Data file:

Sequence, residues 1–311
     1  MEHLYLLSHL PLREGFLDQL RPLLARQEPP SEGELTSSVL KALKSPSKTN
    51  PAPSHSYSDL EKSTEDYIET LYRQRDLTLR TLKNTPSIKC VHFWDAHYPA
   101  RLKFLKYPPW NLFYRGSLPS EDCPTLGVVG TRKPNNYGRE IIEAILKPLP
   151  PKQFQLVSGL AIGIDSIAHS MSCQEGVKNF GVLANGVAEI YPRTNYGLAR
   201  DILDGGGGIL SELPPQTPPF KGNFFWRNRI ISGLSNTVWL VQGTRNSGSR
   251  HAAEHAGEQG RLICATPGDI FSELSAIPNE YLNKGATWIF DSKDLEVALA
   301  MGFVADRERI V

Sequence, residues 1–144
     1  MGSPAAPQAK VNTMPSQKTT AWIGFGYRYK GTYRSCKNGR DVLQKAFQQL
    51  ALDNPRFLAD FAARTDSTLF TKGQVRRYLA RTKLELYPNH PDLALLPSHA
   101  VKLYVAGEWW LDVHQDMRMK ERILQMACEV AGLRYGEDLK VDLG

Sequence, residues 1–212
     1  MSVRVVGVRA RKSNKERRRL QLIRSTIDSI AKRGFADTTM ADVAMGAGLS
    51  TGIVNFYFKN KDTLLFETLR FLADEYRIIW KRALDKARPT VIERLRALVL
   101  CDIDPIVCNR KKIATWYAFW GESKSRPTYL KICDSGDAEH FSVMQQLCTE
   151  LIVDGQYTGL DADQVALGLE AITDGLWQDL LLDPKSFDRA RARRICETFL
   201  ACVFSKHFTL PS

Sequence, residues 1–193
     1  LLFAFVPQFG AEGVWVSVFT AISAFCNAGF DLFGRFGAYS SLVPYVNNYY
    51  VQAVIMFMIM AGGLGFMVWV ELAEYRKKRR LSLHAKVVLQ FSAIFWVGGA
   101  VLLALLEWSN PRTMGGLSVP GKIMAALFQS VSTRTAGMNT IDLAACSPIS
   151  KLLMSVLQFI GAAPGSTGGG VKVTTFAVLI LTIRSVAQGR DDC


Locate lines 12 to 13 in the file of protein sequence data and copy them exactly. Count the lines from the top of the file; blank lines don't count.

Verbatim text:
   101  VKLYVAGEWW LDVHQDMRMK ERILQMACEV AGLRYGEDLK VDLG

Sequence, residues 1–212